Transcatheter embolization for the management of all other indications, including cervical ectopic pregnancy, uterine arteriovenous malformation, and adenomyosis is considered investigational.
The coverage guidelines outlined in the Medical Policy Manual should not be used in lieu of the Member's specific benefit plan language.
One repeat uterine artery embolization may be performed when there is documentation of continued symptoms such as bleeding or pain. Repeat procedures may be most appropriate when there are persistent symptoms in combination with findings on imaging of an incomplete initial procedure, as evidenced by continued blood flow to the treated regions. Limited data from case series have suggested a high rate of success following repeat procedures for this purpose, with most patients reporting relief of symptoms.
Medically Necessary is defined as those services, treatments, procedures, equipment, drugs, devices, items or supplies furnished by a covered Provider that are required to identify or treat a Member's illness, injury or Nervous/Mental Conditions, and which Company determines are covered under this Benefit Plan based on the criteria as follows in A through D:
A. consistent with the symptoms or diagnosis and treatment of the Member's condition, illness, or injury; and
B. appropriate with regard to standards of good medical practice; and
C. not solely for the convenience of the Member, his or her Provider; and
D. the most appropriate supply or level of care which can safely be provided to Member. When applied to the care of an Inpatient, it further means that services for the Member's medical symptoms or conditions require that the services cannot be safely provided to the Member as an Outpatient.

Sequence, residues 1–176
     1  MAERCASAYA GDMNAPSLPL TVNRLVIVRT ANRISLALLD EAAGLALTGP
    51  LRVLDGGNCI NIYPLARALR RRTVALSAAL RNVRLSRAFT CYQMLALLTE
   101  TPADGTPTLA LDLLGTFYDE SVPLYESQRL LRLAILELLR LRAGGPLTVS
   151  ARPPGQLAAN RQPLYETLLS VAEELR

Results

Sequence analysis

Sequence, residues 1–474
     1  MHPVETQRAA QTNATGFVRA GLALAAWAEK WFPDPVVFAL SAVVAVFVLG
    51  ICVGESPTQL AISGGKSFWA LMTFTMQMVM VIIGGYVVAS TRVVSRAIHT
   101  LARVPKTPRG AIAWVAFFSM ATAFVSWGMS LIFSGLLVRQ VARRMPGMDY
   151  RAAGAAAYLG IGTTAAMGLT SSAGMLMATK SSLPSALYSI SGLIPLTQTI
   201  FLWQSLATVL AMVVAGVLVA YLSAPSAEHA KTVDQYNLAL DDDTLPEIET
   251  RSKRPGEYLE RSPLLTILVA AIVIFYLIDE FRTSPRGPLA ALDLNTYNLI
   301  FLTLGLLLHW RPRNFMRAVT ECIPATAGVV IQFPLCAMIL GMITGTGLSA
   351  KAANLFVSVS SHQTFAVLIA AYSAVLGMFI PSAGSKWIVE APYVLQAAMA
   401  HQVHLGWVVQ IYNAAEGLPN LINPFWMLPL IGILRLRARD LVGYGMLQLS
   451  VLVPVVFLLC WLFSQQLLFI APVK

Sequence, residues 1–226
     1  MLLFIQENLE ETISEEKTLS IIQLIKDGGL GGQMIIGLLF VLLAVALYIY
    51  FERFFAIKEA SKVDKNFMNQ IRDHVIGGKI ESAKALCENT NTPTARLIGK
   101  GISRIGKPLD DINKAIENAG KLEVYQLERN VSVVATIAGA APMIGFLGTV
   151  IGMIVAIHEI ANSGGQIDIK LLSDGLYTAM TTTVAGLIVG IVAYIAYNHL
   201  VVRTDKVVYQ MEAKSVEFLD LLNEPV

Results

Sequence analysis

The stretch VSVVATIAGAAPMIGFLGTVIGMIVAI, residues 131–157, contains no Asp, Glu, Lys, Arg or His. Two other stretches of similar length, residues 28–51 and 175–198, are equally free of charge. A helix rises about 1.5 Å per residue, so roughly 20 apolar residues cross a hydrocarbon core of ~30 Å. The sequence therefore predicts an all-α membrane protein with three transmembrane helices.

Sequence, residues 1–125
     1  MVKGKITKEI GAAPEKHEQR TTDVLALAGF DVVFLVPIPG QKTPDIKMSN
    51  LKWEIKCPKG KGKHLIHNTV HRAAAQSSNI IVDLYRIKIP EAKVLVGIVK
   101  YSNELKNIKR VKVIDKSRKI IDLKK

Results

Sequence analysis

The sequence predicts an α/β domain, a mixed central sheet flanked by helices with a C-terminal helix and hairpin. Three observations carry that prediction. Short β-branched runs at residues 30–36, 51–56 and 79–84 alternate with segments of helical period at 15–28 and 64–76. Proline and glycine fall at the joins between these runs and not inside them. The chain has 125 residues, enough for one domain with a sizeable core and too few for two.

For the definition of Medically Necessary, “standards of good medical practice” means standards that are based on credible scientific evidence published in peer-reviewed medical literature generally recognized by the relevant medical community, and physician specialty society recommendations, and the views of medical practitioners practicing in relevant clinical areas and any other relevant factors. BCBSMS makes no payment for services, treatments, procedures, equipment, drugs, devices, items or supplies which are not documented to be Medically Necessary. The fact that a Physician or other Provider has prescribed, ordered, recommended, or approved a service or supply does not in itself, make it Medically Necessary.
Investigative is defined as the use of any treatment procedure, facility, equipment, drug, device, or supply not yet recognized as a generally accepted standard of good medical practice for the treatment of the condition being treated and; therefore, is not considered medically necessary. For the definition of Investigative, “generally accepted standards of medical practice” means standards that are based on credible scientific evidence published in peer-reviewed medical literature generally recognized by the relevant medical community, and physician specialty society recommendations, and the views of medical practitioners practicing in relevant clinical areas and any other relevant factors. In order for equipment, devices, drugs or supplies [i.e, technologies], to be considered not investigative, the technology must have final approval from the appropriate governmental bodies, and scientific evidence must permit conclusions concerning the effect of the technology on health outcomes, and the technology must improve the net health outcome, and the technology must be as beneficial as any established alternative and the improvement must be attainable outside the testing/investigational setting.
POLICY HISTORY2/1999: Approved by Medical Policy Advisory Committee